http://www.yomiuri.co.jp/dy/national/T120523005514.htm

4 ( +6 / -2 )

Everything is just fine, just fine... don't panic everything is all right there's nothing wrong.

2 ( +4 / -2 )

the MOX fuel on site never reached the critical heat level needed to disperse.

Do you have a source for this?

Lots of articles last fall mentioned plutonium being found far(40km) from the reactors. http://www.ft.com/cms/s/0/7e3af460-ece6-11e0-be97-00144feab49a.html

Another interesting fact is that neither those two nor I131 are particularly dangerous, in fact it's about the same as going outdoors without sunscreen. Beta emitters like those three and even Uranium have very low levels of gamma radiation, and the beta radiation is stopped by a simple aluminum sheet or even a bit of water. Ingestion is about the only way that it can affect you.

I don't think anyone ever said anything else than that Ingestion and Inhalation are the main dangers for areas further away from the reactor. You are however very incorrect in stating that those isotopes are not particularly dangerous. I am not one of those saying that we are all going to die, but the isotopes present a serious health risk depending on the dose. Not fully accepting this will only cause problems for the future.

The thing to understand here is that the unit used to measure the effective dose (Sv) already compensates for the difference between beta, alpha and gamma emitters by using different weighting factors for different types of radiation and different types of body tissue. Thus the effect of a dose of 1mSv is always the same independent of the radiation source. This is in contrast to gray (gy) which is simply one joule of ionizing energy absorbed per kilogram.

2 ( +3 / -1 )

I do not justify what TEPCO or the government did, but during the first several days and even weeks, TEPCO did not have the means to confirm the meltdowns. Those who watched the news at the time probably remember that they used the expressions 確認できません、確認していません, meaning "we cannot confirm" and "we have not confirmed" There are many things which will become clear from now on and a lot of data will be released based on further observation and analysis.

-3 ( +2 / -5 )

most would have gone out to sea where it will disperse and be absorbed into the rocks at the bottom of the sea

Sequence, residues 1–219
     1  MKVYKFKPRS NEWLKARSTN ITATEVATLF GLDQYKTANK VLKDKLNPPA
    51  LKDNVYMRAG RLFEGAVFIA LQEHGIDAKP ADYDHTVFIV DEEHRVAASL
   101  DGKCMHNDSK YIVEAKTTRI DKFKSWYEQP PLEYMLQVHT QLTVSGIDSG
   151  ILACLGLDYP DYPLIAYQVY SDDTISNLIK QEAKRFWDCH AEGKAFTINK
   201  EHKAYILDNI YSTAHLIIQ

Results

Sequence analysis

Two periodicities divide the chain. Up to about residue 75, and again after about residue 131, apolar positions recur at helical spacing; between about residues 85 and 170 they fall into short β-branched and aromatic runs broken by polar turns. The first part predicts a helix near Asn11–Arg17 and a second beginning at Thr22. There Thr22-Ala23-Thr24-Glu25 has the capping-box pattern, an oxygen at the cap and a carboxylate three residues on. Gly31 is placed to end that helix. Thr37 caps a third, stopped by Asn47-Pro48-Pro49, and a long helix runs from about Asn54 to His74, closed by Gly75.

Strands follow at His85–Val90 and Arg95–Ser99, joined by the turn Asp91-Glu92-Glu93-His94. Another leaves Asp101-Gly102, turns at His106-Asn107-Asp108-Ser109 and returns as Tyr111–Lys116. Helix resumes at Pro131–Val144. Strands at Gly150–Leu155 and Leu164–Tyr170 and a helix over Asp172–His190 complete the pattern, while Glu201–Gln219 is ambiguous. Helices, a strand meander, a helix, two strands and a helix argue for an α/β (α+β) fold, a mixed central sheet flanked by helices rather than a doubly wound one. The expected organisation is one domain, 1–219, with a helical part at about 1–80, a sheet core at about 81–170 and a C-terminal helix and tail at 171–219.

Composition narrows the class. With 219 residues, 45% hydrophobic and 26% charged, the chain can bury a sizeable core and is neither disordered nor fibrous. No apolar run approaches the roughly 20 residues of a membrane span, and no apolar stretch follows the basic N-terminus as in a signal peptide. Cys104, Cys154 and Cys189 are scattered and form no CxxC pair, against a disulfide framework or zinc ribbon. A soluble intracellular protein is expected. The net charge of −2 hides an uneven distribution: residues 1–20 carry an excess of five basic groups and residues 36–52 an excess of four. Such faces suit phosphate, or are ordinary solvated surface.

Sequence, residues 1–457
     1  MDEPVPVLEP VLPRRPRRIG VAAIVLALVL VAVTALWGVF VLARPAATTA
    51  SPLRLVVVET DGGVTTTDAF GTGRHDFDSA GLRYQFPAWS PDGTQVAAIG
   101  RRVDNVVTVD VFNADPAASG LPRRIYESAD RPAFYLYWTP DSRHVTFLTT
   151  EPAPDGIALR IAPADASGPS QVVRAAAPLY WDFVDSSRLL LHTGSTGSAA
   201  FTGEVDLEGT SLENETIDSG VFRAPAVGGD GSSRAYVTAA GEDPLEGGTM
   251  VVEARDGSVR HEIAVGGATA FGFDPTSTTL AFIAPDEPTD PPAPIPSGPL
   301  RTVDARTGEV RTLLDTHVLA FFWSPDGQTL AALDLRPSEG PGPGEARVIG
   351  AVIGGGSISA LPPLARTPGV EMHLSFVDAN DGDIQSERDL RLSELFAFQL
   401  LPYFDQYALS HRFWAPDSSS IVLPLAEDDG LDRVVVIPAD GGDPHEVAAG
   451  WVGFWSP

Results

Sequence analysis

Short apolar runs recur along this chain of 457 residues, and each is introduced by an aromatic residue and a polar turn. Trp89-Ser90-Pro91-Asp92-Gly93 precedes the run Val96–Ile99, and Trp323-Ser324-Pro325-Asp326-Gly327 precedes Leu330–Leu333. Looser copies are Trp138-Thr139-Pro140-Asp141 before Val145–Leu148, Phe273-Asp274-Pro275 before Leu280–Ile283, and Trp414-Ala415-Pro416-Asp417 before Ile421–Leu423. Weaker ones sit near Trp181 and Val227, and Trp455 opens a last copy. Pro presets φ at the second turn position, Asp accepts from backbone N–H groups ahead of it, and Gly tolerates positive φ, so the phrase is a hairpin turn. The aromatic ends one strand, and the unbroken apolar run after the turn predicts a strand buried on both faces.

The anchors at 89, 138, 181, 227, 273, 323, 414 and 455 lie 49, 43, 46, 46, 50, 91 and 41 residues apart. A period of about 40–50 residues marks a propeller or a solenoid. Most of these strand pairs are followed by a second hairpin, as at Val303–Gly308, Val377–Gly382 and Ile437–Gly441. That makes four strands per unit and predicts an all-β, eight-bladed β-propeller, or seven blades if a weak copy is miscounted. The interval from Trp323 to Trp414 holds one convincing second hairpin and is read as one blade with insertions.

That's some serious willpower there, buddy.

4 ( +5 / -1 )

As for the jumps in radiation readings, you need to understand that the levels could only be measured inland since nobody was monitoring the sea (TEPCO normally did but come tsunami, go the sensors)

Also thought I should comment on this.

The USS Ronald Reagan (I think) was measuring the dose out at a distance of something like a 100 nautical miles. From what I heard the numbers where kept from the public on request of the Japanese government.

1 ( +2 / -1 )

Honestly, does anyone here even care what the precise numbers are? Be it 500,000 terabecquerels or 1,500,000 terabecquerels; It's still way too freaking much for our safety regardless, and that's the only fact that matters. The numbers themselves are meaningless.

0 ( +4 / -4 )

Some additional information about that USS Ronald Reagan measurement.

From what I can gather it seems they measured 0.6mR direct shine at a distance of 130 miles. So that is something like an increase of 30 times background radiation. But the interesting thing here is that it is direct shine, which means it did not come from dispersed alpha,beta,gamma emitters but rather the radiation sent out directly from the broken reactor.

0 ( +1 / -1 )

Some additional information about that USS Ronald Reagan measurement.

From what I can gather it seems they measured 0.6mR direct shine at a distance of 130 miles. So that is something like an increase of 30 times background radiation. But the interesting thing here is that it is direct shine, which means it did not come from dispersed alpha,beta,gamma emitters but rather the radiation sent out directly from the broken reactor.